When working with imports, these officers are responsible for customs brokerage, or screening goods through customs barriers. They screen these goods by preparing customs documents concerning the foreign-based goods, such as goods classification and valuation estimate. They also demonstrate knowledge of international trade compliance laws and regulations, such as ITAR and EAR. In order to perform these activities, the officer has to possess a Customs Broker License or a Jurist Doctor (J.D.). Moreover, they ensure all foreign duties, taxes, and excises are paid, by scanning their tariff records on a computerized database. Officers may also submit clearance documents to customs authorities at the Food and Drug Administration (FDA), the Fish and Wildlife Service (FWS), the U.S. Department of Agriculture (USDA), and many other federal agencies. These officers additionally supervise the allocation of duty bills and communicate with foreign countries about the imported or exported transactions.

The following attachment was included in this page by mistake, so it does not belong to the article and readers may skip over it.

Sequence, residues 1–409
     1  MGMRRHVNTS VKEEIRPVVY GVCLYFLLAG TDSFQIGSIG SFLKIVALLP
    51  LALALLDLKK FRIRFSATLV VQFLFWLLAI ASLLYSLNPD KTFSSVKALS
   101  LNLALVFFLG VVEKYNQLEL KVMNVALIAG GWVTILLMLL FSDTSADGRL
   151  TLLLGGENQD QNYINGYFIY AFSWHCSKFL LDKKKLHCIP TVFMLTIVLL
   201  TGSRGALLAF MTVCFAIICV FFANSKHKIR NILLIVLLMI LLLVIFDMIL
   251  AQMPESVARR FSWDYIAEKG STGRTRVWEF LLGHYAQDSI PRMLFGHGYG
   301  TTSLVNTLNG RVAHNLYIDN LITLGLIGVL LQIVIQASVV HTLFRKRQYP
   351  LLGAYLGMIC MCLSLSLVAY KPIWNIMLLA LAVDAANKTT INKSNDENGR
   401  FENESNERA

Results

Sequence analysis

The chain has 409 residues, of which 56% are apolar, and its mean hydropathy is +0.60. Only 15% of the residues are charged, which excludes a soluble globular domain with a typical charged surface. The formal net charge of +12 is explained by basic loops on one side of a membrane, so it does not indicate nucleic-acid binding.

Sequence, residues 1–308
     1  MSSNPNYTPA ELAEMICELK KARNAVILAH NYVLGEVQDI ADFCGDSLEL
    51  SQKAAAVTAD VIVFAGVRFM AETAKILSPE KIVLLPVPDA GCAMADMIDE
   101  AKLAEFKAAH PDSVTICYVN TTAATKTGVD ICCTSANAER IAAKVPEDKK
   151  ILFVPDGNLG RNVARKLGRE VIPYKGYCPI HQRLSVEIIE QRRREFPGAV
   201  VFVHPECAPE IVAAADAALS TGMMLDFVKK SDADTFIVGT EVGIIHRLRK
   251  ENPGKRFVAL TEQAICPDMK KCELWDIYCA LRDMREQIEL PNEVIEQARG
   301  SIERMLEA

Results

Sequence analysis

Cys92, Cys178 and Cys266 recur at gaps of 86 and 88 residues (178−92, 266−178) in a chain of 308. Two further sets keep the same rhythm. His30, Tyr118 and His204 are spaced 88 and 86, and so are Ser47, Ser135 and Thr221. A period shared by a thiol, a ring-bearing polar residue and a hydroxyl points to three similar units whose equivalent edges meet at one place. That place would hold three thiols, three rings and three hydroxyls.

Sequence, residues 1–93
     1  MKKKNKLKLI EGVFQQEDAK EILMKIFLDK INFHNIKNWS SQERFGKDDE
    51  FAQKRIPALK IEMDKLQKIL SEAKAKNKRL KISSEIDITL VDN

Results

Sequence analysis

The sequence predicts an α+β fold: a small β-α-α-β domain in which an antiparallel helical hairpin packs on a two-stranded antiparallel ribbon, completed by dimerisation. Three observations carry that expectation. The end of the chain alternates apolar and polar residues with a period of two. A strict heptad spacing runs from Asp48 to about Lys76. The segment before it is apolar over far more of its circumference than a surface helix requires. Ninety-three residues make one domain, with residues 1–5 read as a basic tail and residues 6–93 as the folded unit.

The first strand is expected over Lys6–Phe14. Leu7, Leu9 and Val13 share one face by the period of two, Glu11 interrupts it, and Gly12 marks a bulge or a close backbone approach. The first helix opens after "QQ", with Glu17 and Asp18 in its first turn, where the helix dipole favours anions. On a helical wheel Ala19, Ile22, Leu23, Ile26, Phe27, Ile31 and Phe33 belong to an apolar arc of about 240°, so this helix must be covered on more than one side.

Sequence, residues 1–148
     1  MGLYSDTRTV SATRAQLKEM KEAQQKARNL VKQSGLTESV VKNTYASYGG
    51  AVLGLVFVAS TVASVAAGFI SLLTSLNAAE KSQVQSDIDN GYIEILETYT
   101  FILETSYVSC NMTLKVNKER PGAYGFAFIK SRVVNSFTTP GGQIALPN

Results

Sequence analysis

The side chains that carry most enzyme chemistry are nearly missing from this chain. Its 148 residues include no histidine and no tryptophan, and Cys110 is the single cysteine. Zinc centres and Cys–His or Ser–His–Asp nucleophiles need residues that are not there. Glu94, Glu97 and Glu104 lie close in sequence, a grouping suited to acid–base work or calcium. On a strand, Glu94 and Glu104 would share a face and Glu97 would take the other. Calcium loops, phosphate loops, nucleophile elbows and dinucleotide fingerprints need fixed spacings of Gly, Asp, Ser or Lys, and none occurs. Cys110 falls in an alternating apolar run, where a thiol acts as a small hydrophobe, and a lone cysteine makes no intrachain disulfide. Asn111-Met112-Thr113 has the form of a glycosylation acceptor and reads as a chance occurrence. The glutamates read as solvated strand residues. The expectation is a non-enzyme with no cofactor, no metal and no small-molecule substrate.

Many global trade compliance officers work for corporations. Regardless of their industry, the business they work for is a licensed import/export business. The U.S. government does not enforce this licensing requirement, though many state or local governments do. However, global compliance officers pay constant attention to U.S. Customs Regulations as well as North Atlantic Free Trade Association (NAFTA) regulations.